The offer was made -- I actually remember watching it on TV! -- but was rejected because it was obvious bollocks and bluster and time-playing. Musharraf, if you remember, told Colin Powell he would help persuade Omar to hand over bin Laden, when, in fact, his leverage over the Taliban was at a low-point, and al-Qaida influence on Omar and the Taliban at its peak. Omar wasn't willing to hand over bin Laden and wouldn't have been able to if he had; Musharraf ditto. In fact, the A-Q camps were largely dismantled and evacuated by 9/11. Also, as the US was preparing to invade, the Pakistanis were preparing to evacuate their prime terrorist and Taliban assets back to FATA and Quetta. Unbelievably, they were able to do this in the middle of the US offensive with the direct permission of Dick Cheney, who didn't quite realise what he had permitted! Bin Laden was never going to be just "handed over"; he could never have been.

vimothy
09-05-2011, 01:40 PM
The discussion of surrender in the Opinio Juris thread by operational lawyer types is relevant again here.

vimothy
09-05-2011, 01:48 PM
Also, the obvious worry/counter-factual is not Cuba invading the US, but India unilaterally killing another of the ISI's "strategic assets" (and according to Wikipedia, the third richest criminal in history) Dawood Ibrahim (http://en.wikipedia.org/wiki/Dawood_Ibrahim).

vimothy
09-05-2011, 02:32 PM
This is a useful article: http://afpak.foreignpolicy.com/posts/2011/05/05/the_bin_laden_aftermath_why_obama_chose_seals_not_ drones


Why did the United States choose to launch a raid against al-Qaeda leader Osama bin Laden's compound in Abbottabad, Pakistan, rather than bombing it? It wasn't because of a "law enforcement mindset." And it wasn't compelled by human rights law. Rather, it was the best option based on the military objectives, available intelligence, and the law of armed conflict.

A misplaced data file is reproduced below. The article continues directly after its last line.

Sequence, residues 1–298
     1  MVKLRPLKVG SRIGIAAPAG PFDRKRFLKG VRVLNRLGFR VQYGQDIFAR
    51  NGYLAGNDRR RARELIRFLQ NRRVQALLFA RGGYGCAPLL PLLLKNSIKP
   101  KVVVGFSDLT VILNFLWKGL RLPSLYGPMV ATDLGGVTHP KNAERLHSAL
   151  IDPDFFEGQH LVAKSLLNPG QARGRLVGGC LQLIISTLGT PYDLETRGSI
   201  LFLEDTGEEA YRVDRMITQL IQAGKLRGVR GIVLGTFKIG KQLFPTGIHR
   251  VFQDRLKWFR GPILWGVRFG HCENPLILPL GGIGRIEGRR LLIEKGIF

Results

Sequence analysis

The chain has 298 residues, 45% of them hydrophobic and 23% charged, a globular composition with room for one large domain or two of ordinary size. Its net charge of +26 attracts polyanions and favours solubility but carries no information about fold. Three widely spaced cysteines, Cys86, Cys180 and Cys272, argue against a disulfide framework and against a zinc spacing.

...

A second issue prompting the raid was that the Obama administration was worried about collateral damage....

[T]he issue may have been the uncertainty over whether bin Laden was even in the compound. Nation-states are simply not permitted to drop bombs in the hope they will kill the right person; they need to be reasonably certain they are attacking the right target...

Most contemporary discussions of collateral damage skip the threshold legal question likely posed by the Obama administration, namely whether bin Laden or some other lawful military target was actually inside the compound. Unless that question could be answered to a reasonable degree of certainty, any bombing operation would have been unlawful, even with no or minimal collateral damage to surrounding persons and objects.

This reality flows from the principle of distinction, (or "positive identification" in U.S. military parlance) a fundamental tenet of the law of armed conflict. Armed forces are required to "at all times distinguish between the civilian population and combatants and between civilian objects and military objectives and accordingly shall direct their operations only against military objectives." Positive identification, according to U.S. policies, requires that commanders know with reasonable certainty that "a functionally and geospatially defined object of attack is a legitimate military target." In short, directing attacks against civilians (in this context, non-uniformed personnel) is not permitted, unless they are directly participating in hostilities.